All of our favorite political navel-lint gazers have been in high dudgeon since last night, ruminating as to whether the GOP sweep means an end to gridlock in Washington — proving, contrary to reports, that the chin scratchers do have a sense of humor after all. Indeed, there were a few big winners (and losers) in the TV news coverage of the midterm elections — aka the dry run for the 2016 presidential election night – besides the Republicans and Democrats who enjoyed and suffered, respectively, the fruits of the traditional six-year-itch.
Comedy was a leitmotif of the coverage — not surprising in a saturated news marketplace where all the unhappy hawkers are competing for the next generation of 25-54 year olds, or — as, someone or other said last night, the next generation of voters once they too become really old. Comedy also is a useful tool for hanging on to viewers when a race is a blowout from the get-go — they teach that in Sportscasting 101.
Who wasn’t charmed when Fox News Channel talking-head-cum-mask-of-death Charles Krauthammer joked that if Republicans didn’t win back the Senate that night “they might consider looking for another line of work…they might do better in Somalia.”
Over at MSNBC, clinging-to-his-Puckish-ness anchor Chris Matthews giggled that “Fox News Network,” as he called it, “is an oxymoron – just kidding; it’s a great network.” MSNBC also seized the comedic moment when Tom Brokaw’s phone alarm went off during his expostulation on the great significance of Kentucky Sen. Mitch McConnell’s win, posted online that “Tom Brokaw Receives A Breaking Grocery Alert” after Brokaw ad libbed that it was a reminder to pick up milk on the way home. Brokaw also was wearing clown glasses at the time, which ratcheted up the comedy quotient 10%:
ABC News already has stand-up talent at its disposal, having just taken over The View, though neither Whoopi Goldberg nor Rosie O’Donnell was in evidence last night. Still, Nicolle Wallace played a starring role vis-a-vis standard-bearer George Stephanopoulos, who went to the former Bush communications chief/key McCain-Palin advisor often during ABC’s Gimongous Roundtable segments that included David Muir, Jonathan Karl, Cokie Roberts and a phalanx of other regulars. Meanwhile, ABC News’ younger-skewing evening news anchor Muir had been assigned to Stat Watch (23% of midterm voters were aged 65 and older! Muir marveled, and only 13% in his target demo) and sat next to Stephanopoulos, who’s looking particularly jowly, in an anchor-appropriate way, these days.
ABC co-venture Fusion network, which aims to target millennials by promising to “fuse” pop culture, satire and news, did comedy particularly badly last night (Bob Schieffer gag? Really?):
About as shocking as the GOP sweep, Jon Stewart was the night’s big winner by a landslide. True, he got off to a terrible start, scowling his way through a CNN interview with Christiana Amanpour and saying he hadn’t bothered to vote. Note to Stewart: the optics are different when you scowl at eminently scowl-worthy Tucker Carlson in full Crossfire pig-in-mud mode on CNN in 2004, and when you scowl, a decade later, at respected international correspondent and unhappy-as-you-to-be-there Amanpour — even if she’d just asked you, school head-mistress-ly, if you’d voted, which, yes, was a stupid way to kick off the interview.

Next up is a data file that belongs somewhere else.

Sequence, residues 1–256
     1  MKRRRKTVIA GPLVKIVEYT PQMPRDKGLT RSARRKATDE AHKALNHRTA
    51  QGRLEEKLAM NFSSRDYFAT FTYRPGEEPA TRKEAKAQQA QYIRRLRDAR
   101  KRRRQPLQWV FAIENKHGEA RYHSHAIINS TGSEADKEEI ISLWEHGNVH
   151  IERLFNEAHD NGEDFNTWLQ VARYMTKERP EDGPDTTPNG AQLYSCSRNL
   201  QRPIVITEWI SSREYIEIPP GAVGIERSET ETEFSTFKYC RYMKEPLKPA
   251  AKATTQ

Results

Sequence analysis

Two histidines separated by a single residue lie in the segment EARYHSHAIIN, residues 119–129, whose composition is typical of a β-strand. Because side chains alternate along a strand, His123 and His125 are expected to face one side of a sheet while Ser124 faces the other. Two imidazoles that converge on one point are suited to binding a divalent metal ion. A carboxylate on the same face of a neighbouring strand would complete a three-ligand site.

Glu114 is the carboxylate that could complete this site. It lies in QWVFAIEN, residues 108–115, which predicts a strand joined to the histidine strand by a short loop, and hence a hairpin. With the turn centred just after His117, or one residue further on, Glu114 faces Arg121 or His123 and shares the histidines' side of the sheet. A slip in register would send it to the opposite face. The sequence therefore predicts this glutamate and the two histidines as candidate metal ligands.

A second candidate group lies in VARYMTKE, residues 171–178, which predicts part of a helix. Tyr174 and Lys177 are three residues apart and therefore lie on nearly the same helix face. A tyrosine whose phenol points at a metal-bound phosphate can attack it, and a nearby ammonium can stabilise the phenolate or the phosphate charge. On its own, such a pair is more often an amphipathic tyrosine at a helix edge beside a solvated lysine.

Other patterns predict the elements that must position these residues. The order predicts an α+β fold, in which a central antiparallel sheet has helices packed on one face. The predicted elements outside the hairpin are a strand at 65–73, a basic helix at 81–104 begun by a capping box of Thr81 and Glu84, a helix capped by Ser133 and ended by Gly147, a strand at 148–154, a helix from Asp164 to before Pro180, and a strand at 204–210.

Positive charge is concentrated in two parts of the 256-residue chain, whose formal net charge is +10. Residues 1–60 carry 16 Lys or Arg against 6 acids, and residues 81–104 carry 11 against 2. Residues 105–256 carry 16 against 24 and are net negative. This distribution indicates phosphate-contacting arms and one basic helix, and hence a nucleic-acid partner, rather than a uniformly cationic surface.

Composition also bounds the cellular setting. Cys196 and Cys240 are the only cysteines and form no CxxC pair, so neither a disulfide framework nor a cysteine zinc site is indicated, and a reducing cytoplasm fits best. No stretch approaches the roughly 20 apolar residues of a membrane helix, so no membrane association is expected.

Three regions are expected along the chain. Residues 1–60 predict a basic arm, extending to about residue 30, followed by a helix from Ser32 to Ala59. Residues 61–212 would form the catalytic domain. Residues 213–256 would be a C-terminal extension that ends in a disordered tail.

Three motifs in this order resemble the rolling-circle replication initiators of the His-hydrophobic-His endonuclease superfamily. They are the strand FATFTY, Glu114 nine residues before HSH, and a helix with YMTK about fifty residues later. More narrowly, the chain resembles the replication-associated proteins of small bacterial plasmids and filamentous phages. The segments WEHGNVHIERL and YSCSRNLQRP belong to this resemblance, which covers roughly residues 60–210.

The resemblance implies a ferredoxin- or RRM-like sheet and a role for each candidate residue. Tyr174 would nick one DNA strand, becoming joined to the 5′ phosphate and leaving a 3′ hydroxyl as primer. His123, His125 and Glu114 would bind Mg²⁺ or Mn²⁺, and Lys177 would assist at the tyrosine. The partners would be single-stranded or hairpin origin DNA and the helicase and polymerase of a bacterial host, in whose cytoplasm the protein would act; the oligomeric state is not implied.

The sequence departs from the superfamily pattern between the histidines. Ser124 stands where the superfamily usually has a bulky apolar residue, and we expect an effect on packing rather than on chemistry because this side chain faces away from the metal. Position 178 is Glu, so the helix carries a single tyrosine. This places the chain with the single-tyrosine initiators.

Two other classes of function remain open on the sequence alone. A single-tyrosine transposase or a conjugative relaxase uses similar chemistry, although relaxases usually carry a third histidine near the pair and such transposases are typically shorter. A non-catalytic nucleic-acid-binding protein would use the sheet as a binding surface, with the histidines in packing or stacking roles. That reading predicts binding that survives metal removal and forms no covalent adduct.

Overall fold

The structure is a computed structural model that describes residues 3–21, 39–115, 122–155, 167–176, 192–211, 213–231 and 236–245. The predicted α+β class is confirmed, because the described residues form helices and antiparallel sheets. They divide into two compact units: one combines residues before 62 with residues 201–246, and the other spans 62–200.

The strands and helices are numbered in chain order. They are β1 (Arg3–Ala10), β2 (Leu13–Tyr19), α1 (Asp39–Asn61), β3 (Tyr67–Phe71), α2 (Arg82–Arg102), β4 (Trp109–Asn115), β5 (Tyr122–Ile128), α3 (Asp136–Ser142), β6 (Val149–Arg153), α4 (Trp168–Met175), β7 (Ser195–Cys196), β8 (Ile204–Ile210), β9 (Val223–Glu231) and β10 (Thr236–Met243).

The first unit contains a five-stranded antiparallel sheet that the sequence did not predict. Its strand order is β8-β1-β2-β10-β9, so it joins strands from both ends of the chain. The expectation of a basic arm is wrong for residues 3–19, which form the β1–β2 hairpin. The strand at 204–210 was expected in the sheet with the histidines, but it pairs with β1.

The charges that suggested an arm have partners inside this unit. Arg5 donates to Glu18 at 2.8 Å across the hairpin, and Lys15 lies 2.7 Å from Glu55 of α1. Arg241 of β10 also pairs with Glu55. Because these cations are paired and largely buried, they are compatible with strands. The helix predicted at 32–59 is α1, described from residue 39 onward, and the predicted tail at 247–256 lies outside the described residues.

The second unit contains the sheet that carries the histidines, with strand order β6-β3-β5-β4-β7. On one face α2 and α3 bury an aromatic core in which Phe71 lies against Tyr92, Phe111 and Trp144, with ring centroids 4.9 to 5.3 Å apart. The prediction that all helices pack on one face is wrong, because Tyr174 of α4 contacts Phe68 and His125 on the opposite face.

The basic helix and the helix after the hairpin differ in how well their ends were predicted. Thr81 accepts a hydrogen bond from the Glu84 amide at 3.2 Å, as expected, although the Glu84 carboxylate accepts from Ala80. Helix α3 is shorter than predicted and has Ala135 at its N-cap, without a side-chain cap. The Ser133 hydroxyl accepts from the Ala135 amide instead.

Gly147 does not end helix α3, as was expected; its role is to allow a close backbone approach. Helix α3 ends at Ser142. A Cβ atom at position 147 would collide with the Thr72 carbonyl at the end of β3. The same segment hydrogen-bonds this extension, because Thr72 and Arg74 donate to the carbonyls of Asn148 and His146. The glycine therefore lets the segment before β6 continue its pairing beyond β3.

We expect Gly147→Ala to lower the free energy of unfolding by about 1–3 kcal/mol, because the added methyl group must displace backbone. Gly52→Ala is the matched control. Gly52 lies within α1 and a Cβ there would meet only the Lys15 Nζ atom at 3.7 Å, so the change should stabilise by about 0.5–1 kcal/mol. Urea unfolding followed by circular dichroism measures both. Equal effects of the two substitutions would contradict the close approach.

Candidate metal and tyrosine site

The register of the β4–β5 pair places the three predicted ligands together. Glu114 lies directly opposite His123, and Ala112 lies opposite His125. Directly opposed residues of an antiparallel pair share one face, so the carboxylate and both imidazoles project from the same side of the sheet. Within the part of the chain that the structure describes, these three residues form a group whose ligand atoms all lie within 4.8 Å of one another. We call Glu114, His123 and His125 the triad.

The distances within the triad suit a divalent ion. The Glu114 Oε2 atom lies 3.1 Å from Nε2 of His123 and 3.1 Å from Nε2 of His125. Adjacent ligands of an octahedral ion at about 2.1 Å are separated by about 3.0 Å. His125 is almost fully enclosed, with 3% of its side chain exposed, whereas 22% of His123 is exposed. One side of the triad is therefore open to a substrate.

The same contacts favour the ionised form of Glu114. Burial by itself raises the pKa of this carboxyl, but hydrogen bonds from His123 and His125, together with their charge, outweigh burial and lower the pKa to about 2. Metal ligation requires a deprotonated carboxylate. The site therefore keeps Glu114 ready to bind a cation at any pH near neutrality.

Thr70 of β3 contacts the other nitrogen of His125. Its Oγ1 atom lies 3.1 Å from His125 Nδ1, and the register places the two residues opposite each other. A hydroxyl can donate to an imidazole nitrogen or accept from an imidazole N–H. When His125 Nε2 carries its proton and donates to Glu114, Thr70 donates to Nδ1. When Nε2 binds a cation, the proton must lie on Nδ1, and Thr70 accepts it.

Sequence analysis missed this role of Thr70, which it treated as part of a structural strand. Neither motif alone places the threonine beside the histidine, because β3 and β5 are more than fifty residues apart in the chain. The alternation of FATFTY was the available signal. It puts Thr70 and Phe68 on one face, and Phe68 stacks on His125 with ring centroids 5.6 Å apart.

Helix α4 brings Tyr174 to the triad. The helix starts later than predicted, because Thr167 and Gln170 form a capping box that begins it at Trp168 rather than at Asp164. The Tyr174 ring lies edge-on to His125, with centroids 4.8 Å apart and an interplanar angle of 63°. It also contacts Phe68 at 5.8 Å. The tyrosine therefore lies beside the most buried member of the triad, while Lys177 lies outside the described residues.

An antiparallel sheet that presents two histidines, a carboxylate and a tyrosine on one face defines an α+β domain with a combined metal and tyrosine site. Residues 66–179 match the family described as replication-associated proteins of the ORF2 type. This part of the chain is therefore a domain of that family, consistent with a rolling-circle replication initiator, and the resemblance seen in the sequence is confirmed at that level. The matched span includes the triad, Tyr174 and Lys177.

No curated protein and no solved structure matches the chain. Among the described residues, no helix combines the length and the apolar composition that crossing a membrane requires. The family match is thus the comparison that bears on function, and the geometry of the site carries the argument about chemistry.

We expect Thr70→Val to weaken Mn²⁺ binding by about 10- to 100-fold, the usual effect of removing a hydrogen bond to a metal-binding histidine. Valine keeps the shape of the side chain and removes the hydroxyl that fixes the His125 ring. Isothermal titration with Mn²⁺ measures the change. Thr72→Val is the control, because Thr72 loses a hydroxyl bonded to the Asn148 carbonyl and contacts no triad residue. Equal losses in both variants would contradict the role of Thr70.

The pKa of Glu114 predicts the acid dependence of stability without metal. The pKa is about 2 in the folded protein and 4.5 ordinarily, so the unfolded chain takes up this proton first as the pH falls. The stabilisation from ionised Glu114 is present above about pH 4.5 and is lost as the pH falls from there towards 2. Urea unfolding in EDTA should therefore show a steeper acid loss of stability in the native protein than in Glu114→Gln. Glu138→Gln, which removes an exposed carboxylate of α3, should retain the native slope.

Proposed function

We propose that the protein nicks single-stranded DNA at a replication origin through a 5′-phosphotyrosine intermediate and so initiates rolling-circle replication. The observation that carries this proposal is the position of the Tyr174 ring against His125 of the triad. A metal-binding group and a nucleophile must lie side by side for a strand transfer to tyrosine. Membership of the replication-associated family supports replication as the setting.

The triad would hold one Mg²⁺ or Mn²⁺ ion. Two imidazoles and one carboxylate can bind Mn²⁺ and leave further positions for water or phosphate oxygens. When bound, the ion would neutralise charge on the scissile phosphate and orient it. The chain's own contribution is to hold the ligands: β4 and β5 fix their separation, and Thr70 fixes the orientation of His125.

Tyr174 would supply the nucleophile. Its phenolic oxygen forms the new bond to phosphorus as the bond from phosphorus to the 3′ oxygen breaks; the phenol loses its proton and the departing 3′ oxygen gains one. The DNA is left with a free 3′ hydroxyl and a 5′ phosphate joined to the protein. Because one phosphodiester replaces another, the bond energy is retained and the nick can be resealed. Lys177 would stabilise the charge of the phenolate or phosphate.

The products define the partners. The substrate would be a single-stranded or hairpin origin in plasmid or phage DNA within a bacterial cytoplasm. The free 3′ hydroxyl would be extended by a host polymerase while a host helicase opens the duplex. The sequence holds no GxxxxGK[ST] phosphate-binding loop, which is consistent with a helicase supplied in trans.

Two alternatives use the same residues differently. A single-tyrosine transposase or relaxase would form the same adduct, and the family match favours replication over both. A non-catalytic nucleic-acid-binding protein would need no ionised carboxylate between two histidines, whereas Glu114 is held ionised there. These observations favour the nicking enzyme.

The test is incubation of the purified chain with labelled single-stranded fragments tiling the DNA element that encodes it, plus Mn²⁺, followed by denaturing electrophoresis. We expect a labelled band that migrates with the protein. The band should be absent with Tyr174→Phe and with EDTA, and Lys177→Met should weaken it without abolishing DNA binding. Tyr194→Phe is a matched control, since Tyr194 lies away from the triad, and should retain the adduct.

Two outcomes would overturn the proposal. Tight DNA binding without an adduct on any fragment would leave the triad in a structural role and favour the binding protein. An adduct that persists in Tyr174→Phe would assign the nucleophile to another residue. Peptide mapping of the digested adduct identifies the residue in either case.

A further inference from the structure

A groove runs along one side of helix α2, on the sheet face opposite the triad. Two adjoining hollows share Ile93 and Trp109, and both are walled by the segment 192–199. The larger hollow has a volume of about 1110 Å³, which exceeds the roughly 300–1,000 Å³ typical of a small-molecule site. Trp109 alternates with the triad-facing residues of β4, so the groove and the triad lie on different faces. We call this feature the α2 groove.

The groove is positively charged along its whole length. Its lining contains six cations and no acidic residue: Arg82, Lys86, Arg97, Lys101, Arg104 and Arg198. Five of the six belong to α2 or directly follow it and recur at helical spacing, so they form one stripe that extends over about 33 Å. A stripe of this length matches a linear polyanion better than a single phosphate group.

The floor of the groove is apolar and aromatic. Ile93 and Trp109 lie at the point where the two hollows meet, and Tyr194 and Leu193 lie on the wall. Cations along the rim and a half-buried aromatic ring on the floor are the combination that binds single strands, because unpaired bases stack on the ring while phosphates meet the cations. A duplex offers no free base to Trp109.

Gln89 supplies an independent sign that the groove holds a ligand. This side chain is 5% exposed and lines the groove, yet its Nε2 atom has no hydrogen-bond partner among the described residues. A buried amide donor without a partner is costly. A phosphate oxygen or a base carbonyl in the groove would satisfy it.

But Stewart came back strong with his own live election night coverage on Comedy Central’s Daily Show, in which he had the savvy to kick things off with an apology for his CNN gaffe, explaining it was all a joke and that of course he’d voted. Stewart nailed what was maybe the best “get” of the night, when he asked RNC chairman Reince Priebus what, exactly, it was that Republicans had run on, “other than ‘Obama is Stalin’ and ‘Ebola is going to kill your grandparents’.” (Priebus said Obama wasn’t leading abroad and wasn’t engaging domestically.) Stewart wondered, as did we, if Priebus was surprised by the Dems’ midterm strategy of “curling up in a ball and hoping you didn’t kick them in the face too hard” and whether, after six years “in an oppositional position, trying to stop anything,” Republicans would have difficulty remembering how to “do things?” Priebus noted happily that the GOP now had Obama “boxed in.” That put the lie to Rand Paul’s insistence before every network mic available that night, that the outlook was nothing less than rosy because Republicans are so eager to work with their colleagues across the aisle the President would soon have “bill after bill” to sign. So, he too aspires to comedy.
Also making headlines last night was Stewart’s soon-to-be ex-colleague Stephen Colbert, with his take-down of cable newsers’ Brain Rooms, Bill Boards, and Magic Walls. Wrapping up his broadcast, Colbert noted the night marked the end of his eight years of live election coverage on Comedy Central. “You know what I’ll always remember? The hardworking men and women of broadcast news who told us who won…men and women like Stephen Colbert. Tonight marks a sort of farewell to me but, who knows, maybe one day you’ll see me on TV again,” giving viewers a glimmer of hope that CBS, where Colbert is headed, might brave the attacks of America’s Greatest Living Gasbag Rush Limbaugh and wrangle Colbert into its election coverage going forward, in some capacity.
Stewart’s great night is, in turn, a credit to NBC News chief Deborah Turness, who recently made a bid to bring him to her news operation, though in the ill-fitting gig as host of its Sunday Beltway show Meet The Press. Small comfort for Turness, who was left last night with the comedy of Brokaw, guffawing at his own description of McConnell as a guy who “still gets up in the morning and forgets to take his charisma pills.”
“There’s no question about that,” Brokaw added, stepping on his own gag.